October 9, 2019


Editor's note: The original version of this column was published on Sept. 11 in the Northwest Side Press. Here, Stewart is providing an update on local races.

Instead of "Analysis & Opinion" this week, here is some "Gossip & Trivia."

Former alderman John Arena got his long-awaited city job as a "senior advisor" in the Chicago Department of Planning and Development. It's as if that department didn't already have a bunch of rank-and-file commissioners on the city payroll. But hey, in the end, Mayor Lori Lightfoot came through.

Also, Arena may not be running for re-election as 45th Ward Democratic committeeman, as there may be potential conflicts of interest.

And Arena may not want to self-abort his political career by losing on March 17 to Alderman Jim Gardiner, as Arena has comeback hopes in 2023.

Anyway, here is a multiple-choice question for anyone who is still paying attention.

A Chicago Democratic ward committeeman is (a) at the top of the political food chain, (b) at the bottom of the political food chain, (c) holds a non-paying post that is inconsequential, and/or (d) believes it's a steppingstone to glory and power.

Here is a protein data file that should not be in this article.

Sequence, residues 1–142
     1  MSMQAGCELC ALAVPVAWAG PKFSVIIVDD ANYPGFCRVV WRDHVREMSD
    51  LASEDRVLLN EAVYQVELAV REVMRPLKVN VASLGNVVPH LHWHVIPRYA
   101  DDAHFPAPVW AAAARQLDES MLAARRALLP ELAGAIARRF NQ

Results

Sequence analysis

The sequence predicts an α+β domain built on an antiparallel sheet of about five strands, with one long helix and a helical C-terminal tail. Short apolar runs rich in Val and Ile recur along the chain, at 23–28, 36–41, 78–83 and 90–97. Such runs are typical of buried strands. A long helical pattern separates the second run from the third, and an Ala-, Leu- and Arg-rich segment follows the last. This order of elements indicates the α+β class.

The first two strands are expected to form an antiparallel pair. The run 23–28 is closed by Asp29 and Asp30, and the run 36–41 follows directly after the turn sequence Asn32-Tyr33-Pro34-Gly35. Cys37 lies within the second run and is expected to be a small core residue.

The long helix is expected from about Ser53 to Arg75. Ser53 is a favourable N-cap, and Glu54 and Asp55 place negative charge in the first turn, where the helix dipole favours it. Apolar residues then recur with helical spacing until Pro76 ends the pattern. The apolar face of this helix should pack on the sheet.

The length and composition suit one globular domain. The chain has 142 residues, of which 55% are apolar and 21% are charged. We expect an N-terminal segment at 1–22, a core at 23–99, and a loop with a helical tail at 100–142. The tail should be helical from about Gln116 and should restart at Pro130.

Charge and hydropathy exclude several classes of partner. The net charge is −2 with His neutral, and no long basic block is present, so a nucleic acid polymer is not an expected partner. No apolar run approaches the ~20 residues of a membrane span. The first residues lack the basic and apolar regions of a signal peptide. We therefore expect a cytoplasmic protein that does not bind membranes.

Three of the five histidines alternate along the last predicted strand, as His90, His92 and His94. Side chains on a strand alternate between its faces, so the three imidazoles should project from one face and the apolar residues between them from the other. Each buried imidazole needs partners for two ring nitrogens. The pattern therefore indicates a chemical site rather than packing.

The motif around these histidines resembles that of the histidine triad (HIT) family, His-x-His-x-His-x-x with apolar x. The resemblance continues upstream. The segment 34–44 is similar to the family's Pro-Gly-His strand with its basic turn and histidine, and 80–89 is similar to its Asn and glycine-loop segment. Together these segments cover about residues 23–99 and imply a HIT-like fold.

Anybody who is now or has been a committeeman would answer (b) and (c). Anybody who aspires to and is running for committeeman in 2020 would answer (a) and (d). And everybody else, including this columnist, would give a resounding (c).

After all, the sitting Democratic committeemen of the 1st, 39th, 40th, 41st, 45th and 49th wards, who were elected in 2016, lost 2019 bids to be elected or re-elected alderman, and the 50th Ward committeeman and the former 32nd Ward committeeman lost 2018 state senator and county commissioner races. Robert Murphy (39th), who resigned from his committeeman post, and Pat O'Connor (40th), both lost the April 2 aldermanic runoff with, respectively, 44.1 and 46.2 percent. Proco Joe Moreno (1st), Tim Heneghan (41st), John Arena (45th) and Joe Moore (49th) lost the Feb. 26 primary with, respectively, 38.8, 29.7, 36.2 and 36.6 percent. And Ira Silverstein (50th) lost his Illinois 8th Senate District seat with 29.9 percent and John Fritchey (32nd) lost with 44.6 percent. They would surely answer the above question with a (b) and (c).

The bailouts have begun.

Moore, a 28-year alderman who lost to Maria Hadden, resigned several months ago and was replaced by state Representative Kelly Cassidy (D-14). Murphy, anticipating a 2020 challenge from either Alderman Samantha Nugent (39th) or state Representative John D'Amico (D-15), resigned Sept. 7 and was replaced by state Senator Ram Villivalam (D-8), who defeated Silverstein. And Silverstein, who is running for judge in the 9th subcircuit, resigned Sept. 8, and was replaced by his wife, Alderman Debra Silverstein (50th). Talk about a game of chairs.
At this time, with the petition circulatory period having commenced Sept. 3, it appears that neither Moreno nor O'Connor will seek re-election, and that newly-elected aldermen Daniel LaSpata (1st) and Andre Vasquez (40th), both democratic socialists, will seek those spots. Heneghan will have at least two credible opponents, including one backed unofficially by Alderman Anthony Napolitano (41st).